British based Austin Motor Company was formed in 1905 by Herbert Austin, later to be known as Sir Herbert, who had been a manager of the Wolseley Too and Motor Car Company. Their first vehicle was powered by a four-cylinder engine that displaced five-liters and was chain driven. Around 200 examples were produced during the five years of production.
Production soon expanded to a wider range of vehicles, including the 15, 18/24 and the 40HP four-cylinder models. A 60HP six cylinder vehicle was even available.
In 1908, four and six cylinder models were entered into the French Grand Prix. During practice two were crashed, with only one able to participate in the race. It did not do well. Two other Austin's managed to finish in 18th and 19th position.
Austin introduced a single-cylinder mini car in 1090 which produced around 7 horsepower.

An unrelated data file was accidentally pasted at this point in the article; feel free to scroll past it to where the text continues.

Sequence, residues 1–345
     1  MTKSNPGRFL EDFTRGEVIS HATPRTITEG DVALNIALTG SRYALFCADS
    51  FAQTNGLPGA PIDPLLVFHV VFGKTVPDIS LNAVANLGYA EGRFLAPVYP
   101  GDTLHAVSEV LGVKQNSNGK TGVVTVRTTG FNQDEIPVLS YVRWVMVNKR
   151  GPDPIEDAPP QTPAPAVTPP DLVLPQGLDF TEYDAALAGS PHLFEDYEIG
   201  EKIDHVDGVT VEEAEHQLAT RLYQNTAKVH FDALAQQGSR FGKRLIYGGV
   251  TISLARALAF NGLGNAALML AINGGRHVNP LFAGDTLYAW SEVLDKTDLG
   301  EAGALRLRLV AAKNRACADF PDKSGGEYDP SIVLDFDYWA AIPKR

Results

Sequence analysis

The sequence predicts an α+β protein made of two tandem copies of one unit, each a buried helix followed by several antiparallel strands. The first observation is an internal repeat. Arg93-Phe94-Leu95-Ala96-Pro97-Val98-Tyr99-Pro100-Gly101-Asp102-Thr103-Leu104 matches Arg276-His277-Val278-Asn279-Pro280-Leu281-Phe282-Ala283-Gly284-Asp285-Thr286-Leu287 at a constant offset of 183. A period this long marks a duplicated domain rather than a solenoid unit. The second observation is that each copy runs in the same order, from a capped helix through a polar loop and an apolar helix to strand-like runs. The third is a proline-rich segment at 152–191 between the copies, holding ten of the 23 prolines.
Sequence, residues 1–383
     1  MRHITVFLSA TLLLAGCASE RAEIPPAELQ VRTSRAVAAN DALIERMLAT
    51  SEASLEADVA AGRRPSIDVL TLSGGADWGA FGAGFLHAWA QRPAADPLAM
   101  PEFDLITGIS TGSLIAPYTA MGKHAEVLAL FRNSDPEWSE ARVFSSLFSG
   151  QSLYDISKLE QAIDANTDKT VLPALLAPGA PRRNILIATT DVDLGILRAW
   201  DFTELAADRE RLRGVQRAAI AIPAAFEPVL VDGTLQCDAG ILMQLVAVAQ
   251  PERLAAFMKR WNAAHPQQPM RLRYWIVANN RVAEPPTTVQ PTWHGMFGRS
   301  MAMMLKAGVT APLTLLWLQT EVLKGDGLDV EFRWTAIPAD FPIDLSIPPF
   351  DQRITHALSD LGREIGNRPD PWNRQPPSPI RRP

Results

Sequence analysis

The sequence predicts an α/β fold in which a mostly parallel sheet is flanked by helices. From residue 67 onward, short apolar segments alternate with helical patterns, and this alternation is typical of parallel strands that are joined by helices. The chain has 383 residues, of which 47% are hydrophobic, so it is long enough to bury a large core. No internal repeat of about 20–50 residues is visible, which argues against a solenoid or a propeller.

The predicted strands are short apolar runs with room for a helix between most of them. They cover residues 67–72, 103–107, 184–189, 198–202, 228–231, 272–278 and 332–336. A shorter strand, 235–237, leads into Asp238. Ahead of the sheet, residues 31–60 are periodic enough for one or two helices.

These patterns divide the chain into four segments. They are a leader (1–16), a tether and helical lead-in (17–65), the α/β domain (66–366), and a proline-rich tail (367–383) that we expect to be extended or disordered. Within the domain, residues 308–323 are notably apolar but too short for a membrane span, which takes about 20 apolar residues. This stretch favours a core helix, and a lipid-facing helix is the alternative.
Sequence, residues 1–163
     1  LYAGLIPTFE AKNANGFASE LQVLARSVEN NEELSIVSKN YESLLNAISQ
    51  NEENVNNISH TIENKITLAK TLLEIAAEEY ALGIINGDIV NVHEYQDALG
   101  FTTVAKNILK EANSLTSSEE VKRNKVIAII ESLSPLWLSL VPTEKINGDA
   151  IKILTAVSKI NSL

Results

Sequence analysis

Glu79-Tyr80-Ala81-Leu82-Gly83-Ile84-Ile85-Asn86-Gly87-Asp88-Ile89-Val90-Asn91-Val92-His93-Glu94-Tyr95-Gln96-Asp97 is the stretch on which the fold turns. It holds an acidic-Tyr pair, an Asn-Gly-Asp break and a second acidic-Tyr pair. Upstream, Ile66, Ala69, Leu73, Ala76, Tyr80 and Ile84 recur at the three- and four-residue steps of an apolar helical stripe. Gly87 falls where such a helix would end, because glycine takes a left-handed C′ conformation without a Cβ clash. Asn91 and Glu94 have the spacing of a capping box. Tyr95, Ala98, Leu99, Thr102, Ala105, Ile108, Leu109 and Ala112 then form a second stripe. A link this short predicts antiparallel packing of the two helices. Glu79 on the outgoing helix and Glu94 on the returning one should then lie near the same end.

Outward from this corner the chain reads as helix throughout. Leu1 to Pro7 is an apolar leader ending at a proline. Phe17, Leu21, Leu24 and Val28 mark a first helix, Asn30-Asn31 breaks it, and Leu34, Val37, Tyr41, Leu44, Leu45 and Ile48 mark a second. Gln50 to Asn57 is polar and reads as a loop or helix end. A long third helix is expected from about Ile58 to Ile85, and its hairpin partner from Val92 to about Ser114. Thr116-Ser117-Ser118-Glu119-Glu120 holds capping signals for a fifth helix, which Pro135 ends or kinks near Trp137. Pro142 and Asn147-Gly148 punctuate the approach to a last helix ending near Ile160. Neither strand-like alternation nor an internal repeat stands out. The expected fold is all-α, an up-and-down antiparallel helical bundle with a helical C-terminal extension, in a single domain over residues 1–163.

During World War I a factory was created which would be used for automobile production when the war concluded. It was a large factory and was never completely utilized by the Austin Motor Car Company. Beginning in 1919, the company chose to produce one model and power it by a 3.6-liter engine that produced 20 horsepower; it was named the Austin 20. The company created a variety of bodystyles and even tractors but never reached high volume capacity. In the early 1920s they entered into receivership but was rescued only a short time later. The company diversified by offering a wider range of vehicles, including the 1661cc Twelve and the Austin 7. The Austin 7 drew its inspiration from the earlier single-cylinder car that Austin had created prior tot he war. Both new models were small and inexpensive which appealed to a wider group of buyers.
The Austin Twelve was very similar to the Austin 20, but with scaled down to reduce the cost. Production would continue until 1936. The Austin Seven was the car that helped rescue the company from the brink of receivership. It had a 696cc engine which would later expand to 747cc. Over 290,000 examples would be produced during its production run, lasting until 1939. By Daniel Vaughan | Sep 2007